I often get asked some variation of the following question:
“My partner’s done nothing to violate my trust, yet for some reason I feel insecure in the relationship. How do I overcome this insecurity?”
Everyone we see in the world is a reflection of ourselves. Your partner is a mirror, and something they’re reflecting back at you is triggering your insecurity.
Watch this short video to uncover 7 steps to overcoming insecurity in your relationship, or continue reading below.
Step 1: Uncover the triggers
When are you being triggered? Is it when your partner checks their phone? Is it when they don’t respond to your text messages? When they come home late from work? When they spend time with a specific person?
Be as detailed as possible when identifying your triggers. People, places, smells – every detail can help you uncover the key to your insecurity.
Step 2: Identify your fears
Why is this triggering you? What are you afraid of? What fears come up when you think about your girlfriend spending time with a male coworker? Where does your mind go when you don’t hear from your boyfriend for a few hours?
Explore the depth of your fear by continually asking yourself “Why?” Why does it bother you that you girlfriend didn’t come home last night? Why does it bother you that she may have been with another guy? Are you afraid to lose her? Are you afraid to be alone?
Step 3: Separate fact from fiction
What parts of this situation are fact, and what parts are (potentially) a manifestation of your mind? Take a step back from the situation and view it objectively.
Your girlfriend suddenly decided to put a password on her phone: FACT.
Your girlfriend suddenly decided to put a password on her phone… and seems to giggle a lot when she reads text messages that are most likely, probably, you think from another guy: DANGER ZONE – GRAY AREA.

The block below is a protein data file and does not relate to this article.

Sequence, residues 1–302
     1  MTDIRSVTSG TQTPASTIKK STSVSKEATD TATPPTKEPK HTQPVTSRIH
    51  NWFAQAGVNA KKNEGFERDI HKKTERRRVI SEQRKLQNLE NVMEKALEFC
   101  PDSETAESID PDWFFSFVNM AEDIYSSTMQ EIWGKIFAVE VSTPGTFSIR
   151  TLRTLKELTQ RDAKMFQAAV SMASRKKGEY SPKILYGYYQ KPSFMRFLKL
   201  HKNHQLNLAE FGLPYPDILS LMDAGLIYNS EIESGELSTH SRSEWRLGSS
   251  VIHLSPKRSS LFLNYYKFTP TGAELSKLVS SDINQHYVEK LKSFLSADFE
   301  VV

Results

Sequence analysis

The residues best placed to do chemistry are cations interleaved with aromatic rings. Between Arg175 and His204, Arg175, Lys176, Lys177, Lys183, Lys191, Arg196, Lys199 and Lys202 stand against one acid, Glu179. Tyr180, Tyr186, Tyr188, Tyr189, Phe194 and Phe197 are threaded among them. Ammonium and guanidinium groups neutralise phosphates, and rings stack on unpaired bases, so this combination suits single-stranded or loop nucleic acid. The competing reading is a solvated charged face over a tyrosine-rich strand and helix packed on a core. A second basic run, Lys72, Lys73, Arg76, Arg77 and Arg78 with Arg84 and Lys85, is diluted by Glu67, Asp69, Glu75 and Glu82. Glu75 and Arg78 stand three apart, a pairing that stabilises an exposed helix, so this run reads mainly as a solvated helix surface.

Create two lists: one with the hardcore facts, and one with things that aren’t as concrete. Trusting your intuition and using your heart and gut as a guide is important. However, it’s easy to let our thoughts spiral out of control. So make sure you have these two list clearly separated.
Step 4: Communicate
Use this list of facts to have an open and honest conversation with your partner. Tell them what you’re working through. Explain the triggers. Explain the fears. Present the facts.
Do this once you’ve cooled down and feel grounded – NOT when you’re defensive and scared – and come from a place of honesty and love. You want to improve the relationship, right? Be calm and clear. Avoid the “gray area” topics as much as possible, especially in the initial stages of this conversation. Avoid blaming. When you talk about your fears, take responsibility for how you feel.
Step 5: Take action
Come up with ways that you and your partner can work through this insecurity together. Own the fact that you feel insecure – that’s YOUR story. There may be things that your partner has to own as well though (i.e. that he stays out late at night and doesn’t call to tell you where he is).
Actively work on your communication and transparency in the relationship. Journal about your fears and process through those emotions.
Step 6: Practice patience
It’s a process to grow and move past insecurities, so be patient with yourself. Continue to communicate with your partner, continue to identify the triggers that are occurring, and continue to practice stepping back and responding – not reacting.
There may be times when you falter and find yourself in the midst of a fight. If you catch yourself reverting to old thought patterns and fears, step back – breathe – and remember the mantra: “Every moment offers the opportunity to start again.”
Step 7: Decide
Remind yourself that you are choosing to be in a relationship. Relationships require vulnerability and surrender, so it makes sense that your insecurities are being triggered.
We tend to label our emotions as either good or bad. However, in a relationship, the ups and downs are part of the emotional wave. Remember that you are choosing to ride the wave.
If you don’t want to surf, get out of the ocean.
You’ve got this.